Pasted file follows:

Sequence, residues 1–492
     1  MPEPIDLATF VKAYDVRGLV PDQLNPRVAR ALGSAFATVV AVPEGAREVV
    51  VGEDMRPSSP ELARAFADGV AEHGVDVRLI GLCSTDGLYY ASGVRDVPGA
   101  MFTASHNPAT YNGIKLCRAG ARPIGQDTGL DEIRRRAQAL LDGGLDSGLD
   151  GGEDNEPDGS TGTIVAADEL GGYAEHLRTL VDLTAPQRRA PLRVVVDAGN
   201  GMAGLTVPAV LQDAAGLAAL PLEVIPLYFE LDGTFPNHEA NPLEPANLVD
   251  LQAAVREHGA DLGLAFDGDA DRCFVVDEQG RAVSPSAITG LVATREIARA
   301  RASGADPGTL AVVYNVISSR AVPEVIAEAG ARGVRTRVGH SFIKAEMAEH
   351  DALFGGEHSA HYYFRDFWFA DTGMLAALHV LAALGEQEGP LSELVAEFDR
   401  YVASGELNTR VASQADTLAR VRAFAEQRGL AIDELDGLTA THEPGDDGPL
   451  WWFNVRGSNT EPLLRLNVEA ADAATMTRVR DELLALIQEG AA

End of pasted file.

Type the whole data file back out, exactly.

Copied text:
Sequence, residues 1–492
     1  MPEPIDLATF VKAYDVRGLV PDQLNPRVAR ALGSAFATVV AVPEGAREVV
    51  VGEDMRPSSP ELARAFADGV AEHGVDVRLI GLCSTDGLYY ASGVRDVPGA
   101  MFTASHNPAT YNGIKLCRAG ARPIGQDTGL DEIRRRAQAL LDGGLDSGLD
   151  GGEDNEPDGS TGTIVAADEL GGYAEHLRTL VDLTAPQRRA PLRVVVDAGN
   201  GMAGLTVPAV LQDAAGLAAL PLEVIPLYFE LDGTFPNHEA NPLEPANLVD
   251  LQAAVREHGA DLGLAFDGDA DRCFVVDEQG RAVSPSAITG LVATREIARA
   301  RASGADPGTL AVVYNVISSR AVPEVIAEAG ARGVRTRVGH SFIKAEMAEH
   351  DALFGGEHSA HYYFRDFWFA DTGMLAALHV LAALGEQEGP LSELVAEFDR
   401  YVASGELNTR VASQADTLAR VRAFAEQRGL AIDELDGLTA THEPGDDGPL
   451  WWFNVRGSNT EPLLRLNVEA ADAATMTRVR DELLALIQEG AA